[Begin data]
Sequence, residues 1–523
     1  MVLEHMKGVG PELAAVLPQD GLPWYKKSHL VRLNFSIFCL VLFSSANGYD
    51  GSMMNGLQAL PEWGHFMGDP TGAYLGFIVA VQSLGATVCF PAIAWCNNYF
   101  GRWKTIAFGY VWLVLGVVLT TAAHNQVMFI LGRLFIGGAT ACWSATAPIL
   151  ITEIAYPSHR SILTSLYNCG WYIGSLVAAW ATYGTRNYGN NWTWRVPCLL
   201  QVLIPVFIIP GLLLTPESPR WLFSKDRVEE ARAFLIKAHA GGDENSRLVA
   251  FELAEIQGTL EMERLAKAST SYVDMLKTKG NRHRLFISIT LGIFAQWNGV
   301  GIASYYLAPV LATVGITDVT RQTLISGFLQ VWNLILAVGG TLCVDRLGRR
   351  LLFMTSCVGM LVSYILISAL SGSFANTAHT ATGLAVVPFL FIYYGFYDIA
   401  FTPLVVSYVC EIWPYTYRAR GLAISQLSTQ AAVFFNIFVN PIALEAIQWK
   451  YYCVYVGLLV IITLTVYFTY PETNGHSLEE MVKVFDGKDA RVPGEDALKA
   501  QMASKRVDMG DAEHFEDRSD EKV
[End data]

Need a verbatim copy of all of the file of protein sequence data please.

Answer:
Sequence, residues 1–523
     1  MVLEHMKGVG PELAAVLPQD GLPWYKKSHL VRLNFSIFCL VLFSSANGYD
    51  GSMMNGLQAL PEWGHFMGDP TGAYLGFIVA VQSLGATVCF PAIAWCNNYF
   101  GRWKTIAFGY VWLVLGVVLT TAAHNQVMFI LGRLFIGGAT ACWSATAPIL
   151  ITEIAYPSHR SILTSLYNCG WYIGSLVAAW ATYGTRNYGN NWTWRVPCLL
   201  QVLIPVFIIP GLLLTPESPR WLFSKDRVEE ARAFLIKAHA GGDENSRLVA
   251  FELAEIQGTL EMERLAKAST SYVDMLKTKG NRHRLFISIT LGIFAQWNGV
   301  GIASYYLAPV LATVGITDVT RQTLISGFLQ VWNLILAVGG TLCVDRLGRR
   351  LLFMTSCVGM LVSYILISAL SGSFANTAHT ATGLAVVPFL FIYYGFYDIA
   401  FTPLVVSYVC EIWPYTYRAR GLAISQLSTQ AAVFFNIFVN PIALEAIQWK
   451  YYCVYVGLLV IITLTVYFTY PETNGHSLEE MVKVFDGKDA RVPGEDALKA
   501  QMASKRVDMG DAEHFEDRSD EKV